Hachijojima & Hachijokojima

When I watched ‘Battle Royale‘ (2000) recently for review in the Films Set In Japansection of this site I was under the impression that Hachijojima was where it was filmed and so I started doing my research on the place for this series which will enable me to dip back in to places I visited in Japan before Tokyo Fox went online. Whilst back in England last month I scanned some of the pictures and then I found out that my tenuous link between the film and the island I once visited wasn’t even true! It was actually filmed on Hachijokojima which is nearly five miles west of Hachijojima. Oh well, too late now!

Other than a few goats, Hachijokojima is uninhabited after the government evacuated people from the island, but its much bigger sister island is very much open to tourism. Both islands are actually part of Tokyo even though they’re located nearly 300km south of the mainland. Back in August 2005 my then-girlfriend and I, equipped with just the one t-shirt it seems, took a night ferry from Hamamatsucho at 10.30pm which arrived on the volcanic island some 11 hours later! Of course you can fly there a lot quicker with flights taking just under an hour but thankfully I managed to sleep most of the way there.

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Due to the fact that Hachijō-jima is a volcanic island, there are a few black sandy beaches with the main one being next to the main harbour of Sokodo (above) where we spent our first day in the foreground of the elegant but unoriginally named Hachijō-fuji mountain. With its wide-flowing appearance this image really does represent the island in a beautiful way. From what I remember we could do some snorkelling there and it was so hot that I just had to sit in the shade. I also did a couple of big jumps into the water (from the pier?) with the latter one affecting my hearing for a while after!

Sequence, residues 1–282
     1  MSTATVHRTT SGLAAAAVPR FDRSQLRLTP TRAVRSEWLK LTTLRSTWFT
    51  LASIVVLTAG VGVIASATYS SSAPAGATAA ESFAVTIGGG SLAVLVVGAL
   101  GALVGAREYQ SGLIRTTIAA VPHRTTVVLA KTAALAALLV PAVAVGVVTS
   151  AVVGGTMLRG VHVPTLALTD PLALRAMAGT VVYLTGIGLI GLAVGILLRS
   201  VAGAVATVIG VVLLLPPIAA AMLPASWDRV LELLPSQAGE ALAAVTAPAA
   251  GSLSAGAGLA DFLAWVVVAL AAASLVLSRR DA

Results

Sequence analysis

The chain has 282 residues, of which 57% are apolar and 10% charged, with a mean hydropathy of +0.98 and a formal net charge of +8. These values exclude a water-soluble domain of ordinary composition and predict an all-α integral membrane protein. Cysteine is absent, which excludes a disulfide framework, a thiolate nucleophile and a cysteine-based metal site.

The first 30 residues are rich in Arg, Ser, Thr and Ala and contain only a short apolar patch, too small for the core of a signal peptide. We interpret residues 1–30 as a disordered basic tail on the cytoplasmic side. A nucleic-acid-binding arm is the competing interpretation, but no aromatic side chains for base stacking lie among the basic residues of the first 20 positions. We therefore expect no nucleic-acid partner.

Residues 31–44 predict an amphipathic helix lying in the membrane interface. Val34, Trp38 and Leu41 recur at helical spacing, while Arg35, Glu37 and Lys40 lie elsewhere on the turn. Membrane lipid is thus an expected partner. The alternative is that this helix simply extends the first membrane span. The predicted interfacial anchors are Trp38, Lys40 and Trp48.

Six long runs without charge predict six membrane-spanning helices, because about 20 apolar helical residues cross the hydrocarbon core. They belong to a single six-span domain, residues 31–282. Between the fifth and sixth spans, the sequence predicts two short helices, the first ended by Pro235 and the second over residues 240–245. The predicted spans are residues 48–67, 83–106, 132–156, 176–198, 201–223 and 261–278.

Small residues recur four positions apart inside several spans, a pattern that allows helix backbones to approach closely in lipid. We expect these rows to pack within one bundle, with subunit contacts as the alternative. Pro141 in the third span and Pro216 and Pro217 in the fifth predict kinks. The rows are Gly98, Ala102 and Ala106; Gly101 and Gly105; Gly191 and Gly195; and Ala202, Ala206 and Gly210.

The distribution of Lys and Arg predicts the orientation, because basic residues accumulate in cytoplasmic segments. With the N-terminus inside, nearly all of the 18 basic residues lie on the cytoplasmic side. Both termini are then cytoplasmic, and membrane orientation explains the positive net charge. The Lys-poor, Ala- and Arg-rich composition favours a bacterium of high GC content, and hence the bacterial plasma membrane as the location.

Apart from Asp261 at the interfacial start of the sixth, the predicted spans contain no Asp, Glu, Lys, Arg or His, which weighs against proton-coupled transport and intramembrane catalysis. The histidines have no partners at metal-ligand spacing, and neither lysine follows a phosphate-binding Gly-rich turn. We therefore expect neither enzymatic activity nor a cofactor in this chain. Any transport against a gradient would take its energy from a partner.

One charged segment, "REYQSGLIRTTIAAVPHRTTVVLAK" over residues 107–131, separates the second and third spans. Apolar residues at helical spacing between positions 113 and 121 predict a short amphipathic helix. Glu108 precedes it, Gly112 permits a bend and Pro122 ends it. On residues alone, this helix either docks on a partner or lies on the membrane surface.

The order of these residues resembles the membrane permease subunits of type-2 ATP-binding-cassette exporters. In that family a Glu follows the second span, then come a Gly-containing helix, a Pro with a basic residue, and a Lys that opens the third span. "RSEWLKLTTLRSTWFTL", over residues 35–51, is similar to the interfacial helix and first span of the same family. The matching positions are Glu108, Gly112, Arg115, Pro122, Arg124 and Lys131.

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The task the following day was to hike to the top of Hachijō-fuji which stands at 854m and is a composite volcano with an inner crater that has been dormant since its last eruption in 1707. The crater can be seen from a walking path around its rim which we reached from the fifth base where we parked our hired car. We ended up only walking round part of the rim (below) as it was so incredibly windy up there in stark contrast to the strong heat further down.

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Near the foot of the mountain we came across a small ranch called Fureai Farm (below) that offers some scenic views of the island. I can’t recall much else from here other than being surrounded by a load of cows amid all the mist whilst consuming some expensive ice-cream and milk coming directly (well more direct than the usual process anyway!) from the farm animals.

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I’m not usually one for hot spring baths in everyday life but on holiday its ok and so we did go to Uramigataki hot springs which is one of a handful of onsen‘s in the southern parts of the island. It was free, had nice views and was for both sexes meaning that bathing suits were required and, unlike in the western world, no soap or shampoo can be used. Shoes also had to be left at the top of the steps leading down to the pool. Uramigataki Falls is a nearby waterfall (below left) and offers further respite from the islands tropical humid atmosphere which is usually controlled at lower altitude by the cool winds blowing from the sea.